Brazilian producer Wehbba is a newcomer to the Drumcode family and for this occasion he’s created a dark and menacing track that’s nothing like his usual productions. The main focus of the track is a heavy sidechained bass, which has been augmented with rhythmic synth- and vocal patterns. An eerie arpeggio playing in the background creates the necessary tension, while an array of different sounds and effects breaks it up and prevents the track from becoming too monotone.

Adam Beyer and Enrico Sangiuliano have joined forces for the first time and the result is just phenomenal. “Preset Heaven” features an infectious melody, which is backed by subtle pads and Sangiuliano’s signature bass stabs. What gets me most, though, are the exhilarating vocals chants that immediately fill the air with love and elation. There’s no doubt about it, this is my absolute favorite track from this release and probably one of my all-time favorites from the Drumcode catalogue.

Pig&Dan’s “La Bruja” stands in stark contrast with their other Drumcode releases and is more in line with the tracks that usually end up on their own Elevate imprint. The structure of the track is simple, which is centered around an exquisite melodic loop. Aside from a few sound effects here and there, the track doesn’t stray very far from the beaten path, which can get a bit repetitive on occasion. For me, though, there’s just something about that irresistible melody that makes me listen to it over and over again.

The opening of Timmo’s “Muzik” features a loomy sub-bass and ponderous vocal cuts that have been contrasted with vigorous percussion. This section plays out for exactly two minutes and sixteen seconds before emerging pads swoop in and bring some playfulness to break up the weary mood of the track. Unfortunately, they only persist for a minute or so, which leaves us with two and a half minutes that don’t bring anything new to the table. This doesn’t make it a bad track or anything, but I will say that I’ve come to expect a bit more from the Bulgarian producer.

Observant listeners will have noticed already that Dense & Pika’s “Just A Beat” has some similarities with “Going Down”, which was last year’s collaboration with Adam Beyer. There are some differences as well, which are the wide selection of reverberated sounds that have been scattered around this production as well as the quality of the sounds, which are exceptionally crisp. Overall the track is quite an immersive experience, which is kept somewhat grounded through the reiteration of coarse vocal cuts.

The “A-Sides Vol. 6” compilation has been released today on Drumcode. You can check out the other tracks on SoundCloud or on Beatport.

Follow Drumcode: SoundCloud / Facebook

Credits go to M1KRONAUT for writing the intro text (that I modified a little bit).

Enrico Sangiuliano – Astral Projection

Enrico Sangiuliano - Astral Projection

Last summer, Italian producer Enrico Sangiuliano shook up the techno world with his “Moon Rocks” EP and now he’s back for the release of his long awaited second EP on Adam Beyer’s Drumcode label. “Astral Projection” is very different from its counterpart, as its focus is not on delivering dancefloor stormers, but on bringing ethereal atmospherics to the listener. The EP, which features two tracks, draws some inspiration from the “Alone In This Place EP” that was released in 2015, but not in an unoriginal way, as the content is still fresh. One thing that has remained the same, though, is the overall production quality, which is the mark of a true perfectionist. Check out the tracks below. You won’t be disappointed.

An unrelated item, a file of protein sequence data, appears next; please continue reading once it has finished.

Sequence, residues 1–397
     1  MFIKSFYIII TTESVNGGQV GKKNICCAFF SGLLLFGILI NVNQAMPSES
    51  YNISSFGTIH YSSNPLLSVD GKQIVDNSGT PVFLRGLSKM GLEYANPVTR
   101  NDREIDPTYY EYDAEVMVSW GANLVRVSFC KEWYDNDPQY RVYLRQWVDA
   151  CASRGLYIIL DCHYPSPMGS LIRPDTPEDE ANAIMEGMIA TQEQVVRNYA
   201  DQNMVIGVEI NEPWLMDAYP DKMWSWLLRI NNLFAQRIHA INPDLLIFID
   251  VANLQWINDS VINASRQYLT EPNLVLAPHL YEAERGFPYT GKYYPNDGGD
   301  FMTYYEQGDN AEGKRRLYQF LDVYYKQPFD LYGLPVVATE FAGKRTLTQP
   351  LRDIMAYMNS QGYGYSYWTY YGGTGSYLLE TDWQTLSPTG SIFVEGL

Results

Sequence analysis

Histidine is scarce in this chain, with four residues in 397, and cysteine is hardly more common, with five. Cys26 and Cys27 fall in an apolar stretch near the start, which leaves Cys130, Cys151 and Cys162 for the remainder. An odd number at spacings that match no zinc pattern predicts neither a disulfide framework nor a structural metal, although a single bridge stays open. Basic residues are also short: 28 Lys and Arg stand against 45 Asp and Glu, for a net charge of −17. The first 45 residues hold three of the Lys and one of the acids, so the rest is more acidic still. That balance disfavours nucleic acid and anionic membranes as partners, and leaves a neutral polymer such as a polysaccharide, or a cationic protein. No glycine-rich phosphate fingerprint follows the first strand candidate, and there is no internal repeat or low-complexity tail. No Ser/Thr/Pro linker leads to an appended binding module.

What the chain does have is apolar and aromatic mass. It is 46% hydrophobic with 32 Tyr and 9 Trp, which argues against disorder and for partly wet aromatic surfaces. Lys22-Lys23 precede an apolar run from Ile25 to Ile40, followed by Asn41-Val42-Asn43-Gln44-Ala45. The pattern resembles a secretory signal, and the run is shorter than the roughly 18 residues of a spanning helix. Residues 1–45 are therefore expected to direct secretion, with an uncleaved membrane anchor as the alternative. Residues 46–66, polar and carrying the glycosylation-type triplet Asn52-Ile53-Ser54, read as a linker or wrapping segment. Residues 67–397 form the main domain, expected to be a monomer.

“Astral Projection” is a calm, introspective track that combines deep reverberations with ethereal pads. A rhythmic percussion layer underneath provides the necessary momentum, while joyous vocal chants and smooth arpeggios take the track to a higher level. The structure of the track is fairly straightforward, but the constant cycle of building up the pads brings the necessary intensity into the mix. Highlight of the track is definitely the one and a half minute break, which increases the pressure to the max, but the drop will leave you a bit disappointed after the memorable “I Know You Must Follow The Sun” vocals.

“Blooming Era” teases the listener with atmospheric toms and faint pads (that resemble an Elvish choir) before unleashing the murky basslines at the two minute mark. From that point on, they take center stage and give the track a somewhat restless vibe. The breakdown provides some relief and here we are introduced to the melodic portion of the track, which comes in the form of reverberated synth stabs and an entrancing arpeggio. After the break, things quickly turn to your regular programming again, only for the melodic parts to re-appear once again around the five minute mark.

“Astral Projection” is scheduled for release on July 17th on Drumcode.

Follow Enrico Sangiuliano: SoundCloud / Facebook
Follow Drumcode: SoundCloud / Facebook

Enrico Sangiuliano – Hook At The Border

Enrico Sangiuliano - Hook At The Border

Enrico Sangiuliano is getting ready for the release of his second massive EP of this year. After bringing out “X-Pollination” at the end of March, he’s now releasing his highly anticipated track “Hook At The Border”, which quickly gained notoriety when Luigi Madonna played it in his set at the Awakenings Drumcode Special last year. Aside from the original, the EP also features two remixes by Paride Saraceni, which provide a deeper take on Sangiuliano’s track. With the heavy support this EP is getting already, I’d be quite surprised if this EP isn’t gonna end up as one of the top releases of 2016.